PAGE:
The Ultimate Guide to the Graphic Design Workflow - Artwork Flow
Content strategist, and copywriter.
October 25, 2022
Are you looking for a strategy to refine your team's design process? Check out our step-by-step guide to discover how you can optimize operations and polish your output at the same time!
It’s not uncommon for different designers to adopt different graphic design processes. However, when it comes to working on multiple projects, it’s good to follow a step-by-step workflow to streamline the design process without compromising on the results and client satisfaction.
This is where a graphic design workflow comes in. It’s a checklist or a graphic design standard operating procedure (SOP) of sorts that outlines all the creative design process steps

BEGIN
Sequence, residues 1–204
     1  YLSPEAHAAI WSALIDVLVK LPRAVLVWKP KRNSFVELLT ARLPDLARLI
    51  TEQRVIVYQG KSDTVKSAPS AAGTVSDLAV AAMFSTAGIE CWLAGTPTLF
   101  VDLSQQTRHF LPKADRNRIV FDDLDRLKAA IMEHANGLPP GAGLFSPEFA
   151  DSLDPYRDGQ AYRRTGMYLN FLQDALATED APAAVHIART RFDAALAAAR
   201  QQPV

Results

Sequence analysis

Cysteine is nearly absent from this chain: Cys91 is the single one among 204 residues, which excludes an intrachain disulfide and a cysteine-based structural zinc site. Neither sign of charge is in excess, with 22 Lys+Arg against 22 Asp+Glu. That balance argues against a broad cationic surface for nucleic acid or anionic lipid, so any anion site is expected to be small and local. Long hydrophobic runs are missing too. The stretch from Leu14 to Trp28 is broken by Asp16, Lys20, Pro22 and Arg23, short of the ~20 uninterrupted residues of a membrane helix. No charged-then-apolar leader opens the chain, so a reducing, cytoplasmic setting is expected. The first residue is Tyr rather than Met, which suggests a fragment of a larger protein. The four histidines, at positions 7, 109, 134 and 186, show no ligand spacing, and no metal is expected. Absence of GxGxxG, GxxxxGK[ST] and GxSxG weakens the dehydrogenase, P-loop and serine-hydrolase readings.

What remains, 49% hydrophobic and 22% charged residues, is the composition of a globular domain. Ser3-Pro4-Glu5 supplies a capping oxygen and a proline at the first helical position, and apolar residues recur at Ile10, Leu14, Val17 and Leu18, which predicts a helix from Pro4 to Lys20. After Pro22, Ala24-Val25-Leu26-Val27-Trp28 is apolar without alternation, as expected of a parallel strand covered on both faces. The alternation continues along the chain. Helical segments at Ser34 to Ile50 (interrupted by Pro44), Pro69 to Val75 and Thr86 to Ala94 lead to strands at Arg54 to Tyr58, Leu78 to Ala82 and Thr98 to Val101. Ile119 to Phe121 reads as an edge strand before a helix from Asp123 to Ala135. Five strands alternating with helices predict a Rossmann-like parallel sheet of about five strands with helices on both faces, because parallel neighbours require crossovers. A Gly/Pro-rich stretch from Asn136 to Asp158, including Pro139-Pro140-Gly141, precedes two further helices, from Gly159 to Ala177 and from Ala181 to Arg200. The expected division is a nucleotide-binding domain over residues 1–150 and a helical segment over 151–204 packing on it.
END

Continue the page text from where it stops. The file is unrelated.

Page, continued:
In this article, we’ll detail why a graphic design workflow is important and how you can create one for your organization.
Let’s start with the benefits of a creative workflow process.
Why you should create a graphic design workflow
A solid graphic design workflow helps you manage the project better and ensures that your final deliverable exceeds the client’s expectations. Here’s how:
It keeps you organized: An established creative design process enables you to estimate task duration accurately. You’ll also have a clear picture of how to start the project and the next steps ahead.
It boosts efficiency: With a solid graphic design process in place, you don’t have to think about the next steps each time you work on a new project. This streamlines your creative workflow process and improves productivity.